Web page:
Summary in English
This report, Summary of the County Governors' supervision of child welfare institutions in 2020 and 2021, is a compilation of the county governors' annual reports from 2020 and 2021. A total of 1,752 audits of almost 900 institutions were carried out during these two years. Together with figures on use-of-force reports and complaints, this provides a picture of the situation in the country's child welfare institutions.
The findings from the county governors' supervision of child welfare institutions show issues that can prevent children from getting the right help at the right time. The report describes issues that are recognisable from previous reports from the Norwegian Board of Health Supervision.
The aims of the county governors' supervision of child welfare institutions are:
- to ensure that laws and regulations are being complied with
- to ensure that the children's due process is safeguarded
- to ensure that the institutions provide children with proper care and treatment.
In general, the county governors describe how the institutions go to great lengths to meet and protect the children's needs, and ensure that the children are safe and well. Nevertheless, an overall picture of challenges across institutions emerges. These are challenges that affect the ability of the institutions to give children what they are entitled to. The challenges show the importance of a clear division of responsibility and cooperation between institutions that will help provide children with lasting change and positive development.
The report highlights the following factors which are particularly important for children in child welfare institutions:
- A lack of collaboration, skills and staffing makes it challenging to provide adequate and tailored institutional services
- Serious use of force is increasing - but the proportion of complaints is decreasing
- Specific requirements to prevent the use of force are necessary for children with complex needs
Complexity is increasing
The county governors stress that children's needs and challenges are becoming more complex. The annual reports describe a situation where children living in institutions often need coordinated help from several institutions at the same time, and that this requires better cooperation across institutions. Challenges relating to health follow-up are highlighted in particular.
The county governors also highlight the extent to which measures are available that are tailored to the actual needs of the children. In this regard, they also emphasise the importance of ensuring that the children's challenges are adequately mapped before they move to an institution. A number of county governors reported that the institutions are not tailored or do not have the necessary prerequisites to meet the needs of the children. One consequence is that the institutions are responsible for following up on children without the necessary assistance from other institutions.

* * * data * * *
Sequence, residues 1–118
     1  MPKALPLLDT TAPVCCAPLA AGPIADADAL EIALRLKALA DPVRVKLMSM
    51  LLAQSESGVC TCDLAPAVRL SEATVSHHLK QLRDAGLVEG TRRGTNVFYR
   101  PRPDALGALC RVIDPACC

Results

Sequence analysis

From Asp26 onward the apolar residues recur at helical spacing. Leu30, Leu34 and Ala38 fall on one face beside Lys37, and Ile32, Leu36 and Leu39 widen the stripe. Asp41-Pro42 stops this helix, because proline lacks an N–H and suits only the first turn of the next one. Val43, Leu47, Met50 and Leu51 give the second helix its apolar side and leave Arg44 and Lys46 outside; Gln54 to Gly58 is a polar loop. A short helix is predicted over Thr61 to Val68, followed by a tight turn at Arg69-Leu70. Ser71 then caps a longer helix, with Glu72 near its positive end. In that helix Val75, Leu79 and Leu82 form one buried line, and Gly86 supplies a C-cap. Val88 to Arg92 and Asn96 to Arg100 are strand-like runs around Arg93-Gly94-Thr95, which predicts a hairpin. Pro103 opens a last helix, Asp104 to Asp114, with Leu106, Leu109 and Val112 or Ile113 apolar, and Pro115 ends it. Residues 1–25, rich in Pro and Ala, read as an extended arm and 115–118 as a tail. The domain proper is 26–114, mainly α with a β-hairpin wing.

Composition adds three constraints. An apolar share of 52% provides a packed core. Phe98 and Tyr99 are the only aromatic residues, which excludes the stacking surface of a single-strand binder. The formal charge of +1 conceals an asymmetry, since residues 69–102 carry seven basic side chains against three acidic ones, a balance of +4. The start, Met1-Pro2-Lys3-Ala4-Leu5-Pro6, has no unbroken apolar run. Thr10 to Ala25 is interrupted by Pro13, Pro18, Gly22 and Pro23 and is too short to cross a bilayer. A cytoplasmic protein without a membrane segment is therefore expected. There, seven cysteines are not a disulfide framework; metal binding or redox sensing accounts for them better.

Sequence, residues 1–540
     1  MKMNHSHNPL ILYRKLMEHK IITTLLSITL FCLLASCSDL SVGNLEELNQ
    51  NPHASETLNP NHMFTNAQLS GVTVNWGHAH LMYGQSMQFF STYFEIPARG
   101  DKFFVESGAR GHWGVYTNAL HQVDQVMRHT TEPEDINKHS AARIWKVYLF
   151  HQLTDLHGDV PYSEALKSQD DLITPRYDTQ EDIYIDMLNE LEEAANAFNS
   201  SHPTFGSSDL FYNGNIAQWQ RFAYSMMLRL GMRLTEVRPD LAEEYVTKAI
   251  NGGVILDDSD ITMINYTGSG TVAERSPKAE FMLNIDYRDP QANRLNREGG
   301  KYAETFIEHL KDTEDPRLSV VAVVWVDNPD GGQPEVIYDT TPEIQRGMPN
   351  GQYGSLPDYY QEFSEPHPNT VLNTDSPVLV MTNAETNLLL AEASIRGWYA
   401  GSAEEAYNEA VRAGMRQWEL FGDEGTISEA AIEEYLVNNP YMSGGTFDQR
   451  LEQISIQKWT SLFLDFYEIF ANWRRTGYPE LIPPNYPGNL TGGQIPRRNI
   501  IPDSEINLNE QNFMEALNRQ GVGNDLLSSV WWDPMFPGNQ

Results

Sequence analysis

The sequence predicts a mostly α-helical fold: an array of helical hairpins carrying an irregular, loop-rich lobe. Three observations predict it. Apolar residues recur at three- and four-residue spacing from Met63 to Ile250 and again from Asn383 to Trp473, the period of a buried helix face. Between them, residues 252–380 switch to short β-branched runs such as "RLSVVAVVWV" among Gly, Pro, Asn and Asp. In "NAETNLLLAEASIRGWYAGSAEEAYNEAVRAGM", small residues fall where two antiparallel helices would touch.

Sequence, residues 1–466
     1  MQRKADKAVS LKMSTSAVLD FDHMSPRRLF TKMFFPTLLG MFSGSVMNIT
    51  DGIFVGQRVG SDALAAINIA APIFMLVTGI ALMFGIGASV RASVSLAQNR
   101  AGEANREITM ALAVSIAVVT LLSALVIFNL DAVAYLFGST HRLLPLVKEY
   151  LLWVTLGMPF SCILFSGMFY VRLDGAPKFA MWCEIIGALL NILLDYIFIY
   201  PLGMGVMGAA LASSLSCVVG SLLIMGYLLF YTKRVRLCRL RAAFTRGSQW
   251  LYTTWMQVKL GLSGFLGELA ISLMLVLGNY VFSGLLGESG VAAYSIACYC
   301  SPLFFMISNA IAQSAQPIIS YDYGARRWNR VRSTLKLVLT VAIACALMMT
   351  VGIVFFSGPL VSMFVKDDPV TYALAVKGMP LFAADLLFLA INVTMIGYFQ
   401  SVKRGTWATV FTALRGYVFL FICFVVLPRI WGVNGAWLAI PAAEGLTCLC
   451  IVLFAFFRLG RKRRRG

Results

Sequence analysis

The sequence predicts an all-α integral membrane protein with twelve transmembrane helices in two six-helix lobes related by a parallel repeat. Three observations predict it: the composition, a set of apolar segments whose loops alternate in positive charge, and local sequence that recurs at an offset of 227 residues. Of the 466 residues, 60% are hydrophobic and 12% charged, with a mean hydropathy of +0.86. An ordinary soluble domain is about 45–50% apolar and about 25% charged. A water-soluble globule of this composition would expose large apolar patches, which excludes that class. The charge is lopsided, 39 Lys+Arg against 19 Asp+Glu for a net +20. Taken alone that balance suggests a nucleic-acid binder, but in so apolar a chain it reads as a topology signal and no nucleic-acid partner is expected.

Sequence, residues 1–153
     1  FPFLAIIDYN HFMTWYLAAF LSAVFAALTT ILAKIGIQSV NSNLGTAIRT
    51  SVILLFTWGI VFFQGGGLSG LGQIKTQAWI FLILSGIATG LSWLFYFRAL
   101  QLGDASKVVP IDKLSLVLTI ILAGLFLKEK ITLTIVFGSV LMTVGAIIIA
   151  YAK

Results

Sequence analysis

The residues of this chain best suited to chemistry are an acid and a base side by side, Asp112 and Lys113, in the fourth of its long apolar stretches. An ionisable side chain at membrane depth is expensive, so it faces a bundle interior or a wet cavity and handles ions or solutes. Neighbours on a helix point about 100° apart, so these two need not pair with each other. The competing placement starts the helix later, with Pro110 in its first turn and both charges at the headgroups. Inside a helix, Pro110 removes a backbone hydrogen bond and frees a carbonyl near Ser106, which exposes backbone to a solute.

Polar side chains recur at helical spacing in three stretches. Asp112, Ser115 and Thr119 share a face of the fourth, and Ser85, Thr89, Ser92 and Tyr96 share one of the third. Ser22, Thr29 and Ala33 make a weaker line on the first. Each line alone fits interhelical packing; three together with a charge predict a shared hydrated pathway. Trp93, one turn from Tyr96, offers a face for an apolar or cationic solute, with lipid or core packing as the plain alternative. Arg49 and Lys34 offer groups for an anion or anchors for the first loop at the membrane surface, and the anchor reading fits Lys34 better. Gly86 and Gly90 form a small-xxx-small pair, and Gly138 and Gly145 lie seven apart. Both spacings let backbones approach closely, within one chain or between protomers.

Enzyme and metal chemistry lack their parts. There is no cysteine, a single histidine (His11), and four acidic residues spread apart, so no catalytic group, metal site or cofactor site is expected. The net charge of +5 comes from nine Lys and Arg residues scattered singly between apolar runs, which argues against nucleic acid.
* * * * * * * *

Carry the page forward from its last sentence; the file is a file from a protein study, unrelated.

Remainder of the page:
Marked decrease in the number of complaints
The total number of use-of-force reports submitted has remained relatively stable since 2017. This is also the case for the way in which the reports are distributed according to the type of force, intervention and restrictions. When children are subjected to force or other intervention, they have the right to complain, and this right is an important guarantee of due process. The number of complaints remained relatively stable from 2017 to 2020, but then fell markedly between 2020 and 2021, with almost half the number of complaints submitted.
A number of the county governors highlighted situations where use of force could have been avoided if prevention had been more systematic.
Dependent on coordinated cooperation
The institutions themselves are responsible for complying with the requirements for adequate services and correcting offences. Supervision will help to uncover and correct offences and strengthen the work to bring about improvements in the institutions. As this report shows, it appears to be a challenge for the institutions to implement the necessary changes alone, as the ability of the institutions to meet children's needs depends on coordinated cooperation from many different institutions. The Norwegian Board of Health Supervision believes that better cooperation and a clear division of responsibility between institutions is necessary, so that children who are unable to live at home receive tailored services aimed at optimising their upbringing and development.